It's tough to translate a tactile sport to the touchscreen, especially one in which a slight smidgen could mean the difference between a gnarly loop and an epic fall.

The trial bike game Xtreme Wheels has the visual strength and, perhaps, even the attitude to avoid the latter perilous outcome, even if it does possess some occasional performance slowdown.

On the road again

Xtreme Wheels takes its cue from the classic Tony Hawk games - those brilliant titles that finally managed to capture the underground skater culture in a video game format.

Here, though, the action unfolds on a motorbike, where instead of an open arena, we're working towards narrow, bite-sized, focused challenges - perfect for this mobile environment. It's not about exploring or unlocking stuff, but producing the best run.

Each of the five locations - the Warehouse, Factory, Sawmill, Foundry, and Scrapyard - test your skill, speed, and crash-avoidance chops.

The 25 levels feature plenty of ramps and traps, but the strength of Xtreme Wheels lies in the room it gives you to have fun.

For example, at various points, you'll come across a ramp that can simply be hopped over - well, the average game would expect you to do that. With Xtreme Wheels, however, the game trains you to see it differently. Is it high enough to perform a flip? What about a backwards one?

Thankfully, the controls are straightforward: there are buttons to lean back, lean forward, accelerate, and brake. The setup was easy to pick up, but, as you can imagine, it was tough to master along the varied areas.

A pretty picture

The graphics aren't just big: they're orca big. The biker himself takes up a third of the touchscreen, while dense and detailed backgrounds full of rusty metal and well-worn wooden structures whizz by.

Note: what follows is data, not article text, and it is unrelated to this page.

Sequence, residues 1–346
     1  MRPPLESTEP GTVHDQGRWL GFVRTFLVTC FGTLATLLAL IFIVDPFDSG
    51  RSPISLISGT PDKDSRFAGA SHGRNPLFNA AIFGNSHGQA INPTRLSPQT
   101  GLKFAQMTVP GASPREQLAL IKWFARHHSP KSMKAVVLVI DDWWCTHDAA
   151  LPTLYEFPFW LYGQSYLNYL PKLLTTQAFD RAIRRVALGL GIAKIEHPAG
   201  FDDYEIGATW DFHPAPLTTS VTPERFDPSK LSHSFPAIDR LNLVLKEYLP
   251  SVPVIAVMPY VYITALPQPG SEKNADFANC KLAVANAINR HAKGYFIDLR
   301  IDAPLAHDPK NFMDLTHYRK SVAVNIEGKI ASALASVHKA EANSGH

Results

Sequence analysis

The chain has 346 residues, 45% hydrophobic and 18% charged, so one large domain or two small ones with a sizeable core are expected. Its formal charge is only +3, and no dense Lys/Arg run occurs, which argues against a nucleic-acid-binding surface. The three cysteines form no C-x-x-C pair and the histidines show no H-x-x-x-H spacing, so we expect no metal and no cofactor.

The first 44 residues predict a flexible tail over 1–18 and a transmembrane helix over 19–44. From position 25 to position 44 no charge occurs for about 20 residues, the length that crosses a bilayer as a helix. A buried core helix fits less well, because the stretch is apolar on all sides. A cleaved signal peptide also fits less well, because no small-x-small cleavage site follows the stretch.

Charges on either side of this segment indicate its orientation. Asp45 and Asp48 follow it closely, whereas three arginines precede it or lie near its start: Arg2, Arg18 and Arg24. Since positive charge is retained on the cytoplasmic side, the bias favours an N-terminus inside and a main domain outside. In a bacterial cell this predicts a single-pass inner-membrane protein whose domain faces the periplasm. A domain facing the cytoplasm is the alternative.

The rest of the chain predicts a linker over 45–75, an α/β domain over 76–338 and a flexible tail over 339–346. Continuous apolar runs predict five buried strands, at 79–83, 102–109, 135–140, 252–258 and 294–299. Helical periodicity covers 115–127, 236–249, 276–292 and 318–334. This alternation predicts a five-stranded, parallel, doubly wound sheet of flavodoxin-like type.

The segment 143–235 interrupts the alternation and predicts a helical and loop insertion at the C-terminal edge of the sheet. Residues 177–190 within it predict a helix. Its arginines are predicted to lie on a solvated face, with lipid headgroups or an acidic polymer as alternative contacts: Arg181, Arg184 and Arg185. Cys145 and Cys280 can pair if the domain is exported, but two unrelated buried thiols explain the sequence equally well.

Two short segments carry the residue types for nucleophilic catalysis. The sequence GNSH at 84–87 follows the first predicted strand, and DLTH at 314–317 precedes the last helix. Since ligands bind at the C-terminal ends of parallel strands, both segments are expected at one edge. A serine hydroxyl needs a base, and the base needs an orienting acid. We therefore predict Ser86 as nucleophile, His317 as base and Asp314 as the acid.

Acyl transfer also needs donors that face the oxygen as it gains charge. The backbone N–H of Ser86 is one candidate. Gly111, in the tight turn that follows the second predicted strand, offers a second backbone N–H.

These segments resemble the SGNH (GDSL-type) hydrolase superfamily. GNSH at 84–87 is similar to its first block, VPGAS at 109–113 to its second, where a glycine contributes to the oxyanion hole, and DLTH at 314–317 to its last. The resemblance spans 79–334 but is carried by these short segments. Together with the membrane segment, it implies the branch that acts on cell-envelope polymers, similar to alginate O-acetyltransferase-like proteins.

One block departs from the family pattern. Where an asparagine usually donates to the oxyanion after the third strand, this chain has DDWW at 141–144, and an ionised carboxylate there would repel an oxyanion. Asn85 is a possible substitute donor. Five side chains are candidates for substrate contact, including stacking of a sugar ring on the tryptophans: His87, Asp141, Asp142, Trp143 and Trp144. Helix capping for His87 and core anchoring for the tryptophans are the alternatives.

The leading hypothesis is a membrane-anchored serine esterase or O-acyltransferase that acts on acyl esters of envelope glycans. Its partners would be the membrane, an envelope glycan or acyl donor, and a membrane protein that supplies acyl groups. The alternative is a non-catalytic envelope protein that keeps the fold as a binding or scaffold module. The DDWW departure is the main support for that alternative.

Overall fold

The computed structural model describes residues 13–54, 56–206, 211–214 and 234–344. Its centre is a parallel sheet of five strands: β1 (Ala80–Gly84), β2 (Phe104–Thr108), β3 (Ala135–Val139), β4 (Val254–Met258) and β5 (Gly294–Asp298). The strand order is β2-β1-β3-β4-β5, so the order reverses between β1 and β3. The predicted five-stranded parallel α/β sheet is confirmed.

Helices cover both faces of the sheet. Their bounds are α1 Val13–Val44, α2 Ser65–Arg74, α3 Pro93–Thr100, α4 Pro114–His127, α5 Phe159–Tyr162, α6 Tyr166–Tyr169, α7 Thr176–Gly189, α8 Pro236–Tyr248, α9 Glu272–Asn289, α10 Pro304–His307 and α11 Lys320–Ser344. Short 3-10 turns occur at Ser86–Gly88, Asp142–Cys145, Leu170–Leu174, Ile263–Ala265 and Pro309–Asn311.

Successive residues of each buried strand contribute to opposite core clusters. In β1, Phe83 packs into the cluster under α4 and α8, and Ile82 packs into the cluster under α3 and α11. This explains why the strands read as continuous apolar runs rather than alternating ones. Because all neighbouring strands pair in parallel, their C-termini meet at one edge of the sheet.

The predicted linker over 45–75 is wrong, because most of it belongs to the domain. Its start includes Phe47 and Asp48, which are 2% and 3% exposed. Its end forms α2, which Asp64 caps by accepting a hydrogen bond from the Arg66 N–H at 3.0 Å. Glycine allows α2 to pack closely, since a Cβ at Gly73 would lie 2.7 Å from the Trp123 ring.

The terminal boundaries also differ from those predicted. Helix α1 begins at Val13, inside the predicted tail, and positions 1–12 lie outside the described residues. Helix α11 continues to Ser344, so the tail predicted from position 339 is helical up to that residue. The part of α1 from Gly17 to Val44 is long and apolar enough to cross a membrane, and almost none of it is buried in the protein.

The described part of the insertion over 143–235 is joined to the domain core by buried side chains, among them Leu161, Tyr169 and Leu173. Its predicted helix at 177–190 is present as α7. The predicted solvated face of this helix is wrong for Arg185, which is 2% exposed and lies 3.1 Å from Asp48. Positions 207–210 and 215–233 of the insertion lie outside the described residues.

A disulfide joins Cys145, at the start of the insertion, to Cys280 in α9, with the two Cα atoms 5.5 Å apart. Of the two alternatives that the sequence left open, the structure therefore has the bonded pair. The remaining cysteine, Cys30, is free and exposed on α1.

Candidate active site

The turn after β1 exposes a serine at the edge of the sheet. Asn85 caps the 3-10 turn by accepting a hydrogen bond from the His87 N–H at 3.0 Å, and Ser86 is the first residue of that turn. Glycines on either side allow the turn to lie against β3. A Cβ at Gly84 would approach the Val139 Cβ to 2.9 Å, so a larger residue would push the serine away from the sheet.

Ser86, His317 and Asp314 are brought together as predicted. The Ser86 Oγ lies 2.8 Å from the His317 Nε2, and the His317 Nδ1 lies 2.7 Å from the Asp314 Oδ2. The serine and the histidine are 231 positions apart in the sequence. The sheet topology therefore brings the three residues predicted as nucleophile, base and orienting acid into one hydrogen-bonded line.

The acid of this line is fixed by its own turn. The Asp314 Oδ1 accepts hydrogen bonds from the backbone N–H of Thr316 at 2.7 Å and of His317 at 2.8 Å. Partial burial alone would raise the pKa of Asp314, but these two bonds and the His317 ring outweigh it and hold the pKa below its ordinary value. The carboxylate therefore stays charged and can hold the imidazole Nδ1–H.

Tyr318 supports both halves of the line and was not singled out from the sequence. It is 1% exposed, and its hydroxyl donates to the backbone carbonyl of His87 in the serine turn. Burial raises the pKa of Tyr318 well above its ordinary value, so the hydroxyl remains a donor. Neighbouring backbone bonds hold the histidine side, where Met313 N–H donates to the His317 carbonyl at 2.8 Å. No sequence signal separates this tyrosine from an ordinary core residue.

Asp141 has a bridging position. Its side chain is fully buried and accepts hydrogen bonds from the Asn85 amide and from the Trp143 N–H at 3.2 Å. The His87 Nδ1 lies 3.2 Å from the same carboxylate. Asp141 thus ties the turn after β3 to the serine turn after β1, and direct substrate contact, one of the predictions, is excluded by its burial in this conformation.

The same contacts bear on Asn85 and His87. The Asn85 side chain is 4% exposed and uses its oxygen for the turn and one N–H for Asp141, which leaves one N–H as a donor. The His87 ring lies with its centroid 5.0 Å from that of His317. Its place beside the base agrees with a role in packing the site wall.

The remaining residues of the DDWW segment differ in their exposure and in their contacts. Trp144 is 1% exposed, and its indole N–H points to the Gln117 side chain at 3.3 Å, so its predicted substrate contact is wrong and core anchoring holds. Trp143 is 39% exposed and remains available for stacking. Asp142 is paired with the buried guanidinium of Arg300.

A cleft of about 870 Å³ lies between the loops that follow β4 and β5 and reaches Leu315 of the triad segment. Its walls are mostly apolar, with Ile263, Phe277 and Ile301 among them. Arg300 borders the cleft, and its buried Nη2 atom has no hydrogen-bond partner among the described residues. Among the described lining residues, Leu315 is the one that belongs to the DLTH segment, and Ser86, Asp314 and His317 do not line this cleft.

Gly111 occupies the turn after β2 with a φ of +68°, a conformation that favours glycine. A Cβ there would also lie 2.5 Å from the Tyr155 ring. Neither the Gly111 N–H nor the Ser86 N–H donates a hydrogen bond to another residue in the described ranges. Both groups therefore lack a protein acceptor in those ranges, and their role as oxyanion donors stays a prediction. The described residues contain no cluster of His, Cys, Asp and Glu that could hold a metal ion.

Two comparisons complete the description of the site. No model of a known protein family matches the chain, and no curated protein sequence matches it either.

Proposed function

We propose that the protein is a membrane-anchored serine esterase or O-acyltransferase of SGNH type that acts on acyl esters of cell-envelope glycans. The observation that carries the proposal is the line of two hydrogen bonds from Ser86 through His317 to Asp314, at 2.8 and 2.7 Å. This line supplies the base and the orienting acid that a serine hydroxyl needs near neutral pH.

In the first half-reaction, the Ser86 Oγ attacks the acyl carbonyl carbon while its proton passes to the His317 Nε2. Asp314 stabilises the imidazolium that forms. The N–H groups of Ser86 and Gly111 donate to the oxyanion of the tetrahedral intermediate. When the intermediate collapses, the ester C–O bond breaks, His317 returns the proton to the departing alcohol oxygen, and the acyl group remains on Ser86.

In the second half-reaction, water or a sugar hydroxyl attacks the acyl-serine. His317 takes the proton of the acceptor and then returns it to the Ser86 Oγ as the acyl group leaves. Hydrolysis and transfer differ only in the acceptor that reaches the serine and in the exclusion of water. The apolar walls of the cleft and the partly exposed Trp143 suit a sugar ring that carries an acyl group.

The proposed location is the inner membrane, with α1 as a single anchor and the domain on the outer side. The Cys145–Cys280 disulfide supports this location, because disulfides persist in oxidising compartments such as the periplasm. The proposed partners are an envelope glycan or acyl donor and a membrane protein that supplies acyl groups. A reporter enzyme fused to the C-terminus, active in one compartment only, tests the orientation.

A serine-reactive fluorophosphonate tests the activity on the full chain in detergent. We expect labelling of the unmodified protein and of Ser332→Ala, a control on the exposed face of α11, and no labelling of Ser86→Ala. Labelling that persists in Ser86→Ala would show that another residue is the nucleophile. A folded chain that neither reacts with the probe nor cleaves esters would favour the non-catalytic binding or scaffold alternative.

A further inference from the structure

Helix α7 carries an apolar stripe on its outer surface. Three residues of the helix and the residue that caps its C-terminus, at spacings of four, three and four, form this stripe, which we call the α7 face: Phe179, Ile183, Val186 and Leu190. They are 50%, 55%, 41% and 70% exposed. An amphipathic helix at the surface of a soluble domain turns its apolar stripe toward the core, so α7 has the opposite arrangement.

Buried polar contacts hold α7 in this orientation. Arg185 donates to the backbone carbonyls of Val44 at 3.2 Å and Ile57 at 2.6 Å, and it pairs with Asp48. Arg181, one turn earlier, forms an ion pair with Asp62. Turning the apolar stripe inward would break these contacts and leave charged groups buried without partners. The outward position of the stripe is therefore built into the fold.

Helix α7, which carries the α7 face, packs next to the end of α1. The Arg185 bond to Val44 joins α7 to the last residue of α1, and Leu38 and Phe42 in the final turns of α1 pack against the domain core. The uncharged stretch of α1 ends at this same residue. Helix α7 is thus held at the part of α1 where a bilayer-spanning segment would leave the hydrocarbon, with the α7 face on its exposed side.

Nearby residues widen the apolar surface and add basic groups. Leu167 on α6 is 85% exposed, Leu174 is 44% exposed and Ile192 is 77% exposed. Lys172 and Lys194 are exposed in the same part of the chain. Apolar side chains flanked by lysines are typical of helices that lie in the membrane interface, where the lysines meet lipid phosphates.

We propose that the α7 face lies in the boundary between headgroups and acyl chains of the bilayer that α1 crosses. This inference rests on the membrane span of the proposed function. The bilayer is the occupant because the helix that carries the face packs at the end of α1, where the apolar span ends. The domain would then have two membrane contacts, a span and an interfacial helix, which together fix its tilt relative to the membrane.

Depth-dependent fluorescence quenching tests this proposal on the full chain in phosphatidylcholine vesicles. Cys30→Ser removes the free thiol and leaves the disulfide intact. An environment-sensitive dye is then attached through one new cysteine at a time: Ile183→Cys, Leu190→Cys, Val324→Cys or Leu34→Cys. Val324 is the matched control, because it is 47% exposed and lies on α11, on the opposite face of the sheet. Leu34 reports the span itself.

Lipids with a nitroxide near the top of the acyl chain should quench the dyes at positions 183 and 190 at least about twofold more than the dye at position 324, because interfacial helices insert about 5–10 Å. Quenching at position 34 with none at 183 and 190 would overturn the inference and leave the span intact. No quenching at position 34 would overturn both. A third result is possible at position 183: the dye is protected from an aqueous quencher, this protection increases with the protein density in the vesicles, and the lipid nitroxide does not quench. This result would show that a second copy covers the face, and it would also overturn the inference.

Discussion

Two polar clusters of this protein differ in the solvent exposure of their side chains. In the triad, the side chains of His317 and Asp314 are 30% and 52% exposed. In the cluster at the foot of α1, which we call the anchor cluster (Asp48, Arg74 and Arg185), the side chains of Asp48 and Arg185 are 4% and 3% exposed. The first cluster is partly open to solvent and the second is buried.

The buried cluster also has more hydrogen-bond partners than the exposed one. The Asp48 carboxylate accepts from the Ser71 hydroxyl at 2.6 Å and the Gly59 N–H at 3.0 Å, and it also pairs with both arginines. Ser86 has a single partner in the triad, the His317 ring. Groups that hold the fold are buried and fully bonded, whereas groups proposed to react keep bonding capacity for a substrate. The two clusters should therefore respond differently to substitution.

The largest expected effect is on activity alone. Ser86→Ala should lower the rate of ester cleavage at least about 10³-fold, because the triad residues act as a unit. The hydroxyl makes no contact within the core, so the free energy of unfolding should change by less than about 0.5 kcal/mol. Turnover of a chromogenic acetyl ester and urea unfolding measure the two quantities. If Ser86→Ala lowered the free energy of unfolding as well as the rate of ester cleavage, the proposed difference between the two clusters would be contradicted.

You'd be hard pressed to find a more graphically detailed sports title, particularly when you see it on iPad. The crash sequences, of which you will witness a lot, are both brutal and beautiful, with your biker's neck violently snapping and blood shooting from his arteries.

The visuals come at a price, though, since the 3D graphics engine appears to tax the iPad. The controls are fine, but there is a certain sluggishness even on the iPad 2 - the most powerful iOS device on the market.

It isn't enough to hurt gameplay per se, but it definitely means the game moves and feels slower than the developer intended it to. Ironically, the iPhone version seems a little smoother, perhaps because its smaller screen makes it easier for the rendering engine to update.

Fancy footwork

In the end, Xtreme Wheels proves pretty darn playable. The key to its success is the simplicity of the controls: instead of trying to create something as complicated as the console sports experience, Xtreme Wheels presents you with a palette of options for getting creative within a small environment.

And the later levels certainly ramp up the creativity stakes, bringing in quad-level ramps, sensitive explosives, and neck-snapping obstacles.

Xtreme Wheels isn't as smooth as we would like it to be, but the end result is interesting and varied enough to recommend.